Nepal | May 27, 2019

EDITORIAL: Marriage ruse

The Himalayan Times

Trafficking of Nepali women in the guise of marriage brings more challenges to authorities in their fight against the horror of trafficking

Human trafficking is one of the worst global crimes. This modern slave trade, one of the most organised, is a threat to all nations across the world. Despite global efforts and national initiatives, the crime continues unabated. According to the United Nations Office for Drugs and Crime (UNODC), South Asia is the fastest-growing and second-largest region for human trafficking in the world, after East Asia. As per the UNODC’s estimates, around 75 per cent of trafficking victims are women and children. Nepal though has made some significant efforts in its fight against trafficking it is yet to fully meet the minimum standards for the elimination of trafficking. One of the major challenges the law enforcement agencies face in combating human trafficking is that criminals continue to change their modus operandi.

According to reports, women in recent years are being trafficked in the guise of marriage. This marriage ruse seems to be the new tactic human traffickers have resorted to. A recent national report on “Trafficking in Persons in Nepal 2018” released by the National Human Rights Commission (NHRC) says of 1,200 Nepali women who migrated to Korea after marrying Korean men, some have fallen victims of fraud and deception. “Mismatched marriage, marriage with the disabled and old men and marriages in remote areas have been reported,” says the report. Nepal is both a source and a destination country for victims, and according to the national rights watchdog, some 23,200 people were trafficked in 2016—up from 9,500 the previous year. Evidences suggest Nepal now has also become the country of transit for human traffickers. Women and girls, mostly from poor rural areas, are usually lured by traffickers with promises of good jobs. But they are enslaved in homes as domestic workers, or as prostitutes. Nepali women and girls are subjected to sex trafficking at home as well as in India, the Middle East, Asia, and Sub-Saharan Africa. At times we tend to understand women’s social and economic inequality as the cause for domestic violence and their exploitation. This, as a matter of fact, leads to trafficking, as traffickers thrive on unfavourable social determinants like poverty and joblessness.

The government while needs to address the issues of poverty, illiteracy and unemployment, it should also launch and continue massive awareness campaigns. As far as the marriage ruse tactic adopted by traffickers is concerned, there is a need to maintain vigilance on mushrooming marriage bureaus. The NHRC report has also warned of correlation between education consultancies and human trafficking. In Nepal, official complicity in trafficking offences is also a huge challenge. Last year, a parliamentary committee found that women were able to depart from the TIA without completing the required migrant work exit procedures, largely due to negligence or complicity of immigration officials and police. Trafficking is a grave human rights abuse. It not only results in breakdown of families and communities but also fuels organised crime and deprives countries of human capital. Concerted efforts by government, the private sector, NGOs, the media and communities are a must to end the scourge of human trafficking and modern slavery.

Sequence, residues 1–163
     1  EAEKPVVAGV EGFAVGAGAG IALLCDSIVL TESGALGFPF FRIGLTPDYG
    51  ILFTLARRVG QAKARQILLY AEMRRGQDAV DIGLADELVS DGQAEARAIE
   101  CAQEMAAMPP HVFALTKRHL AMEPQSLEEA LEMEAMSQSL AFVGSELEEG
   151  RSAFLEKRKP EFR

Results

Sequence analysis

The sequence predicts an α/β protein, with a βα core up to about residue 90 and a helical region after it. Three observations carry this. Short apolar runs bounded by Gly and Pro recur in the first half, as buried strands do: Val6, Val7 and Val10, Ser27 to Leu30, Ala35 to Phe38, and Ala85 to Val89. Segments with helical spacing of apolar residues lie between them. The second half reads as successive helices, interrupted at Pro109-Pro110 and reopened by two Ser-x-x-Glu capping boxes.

Technical education

Vocational and technical education is very practical in a country like Nepal where a majority of youth cannot pursue university level of studies after high-school education. Technical education provides one with the opportunity to become self-reliant even without support from the state. The government has been providing vocational education to the youth since 1950 with donors’ assistance. However, the institutional development took place only in 1989 when the government set up a separate entity called the Council for Technical Education and Vocational Training which has granted affiliation to as many as 153 institutes across the country.

But we still lack technical human resources who can better utilise their skills mostly in the agriculture sector in rural areas. The main objective of technical education is to prepare graduates for occupations that are above skilled crafts and below university graduates. The government should open mid-level institutes in all provinces where the youth who cannot make it to university can opt for technical education. Developed countries have adopted this policy to engage such youths in productive sectors.

 


A version of this article appears in print on September 20, 2018 of The Himalayan Times.


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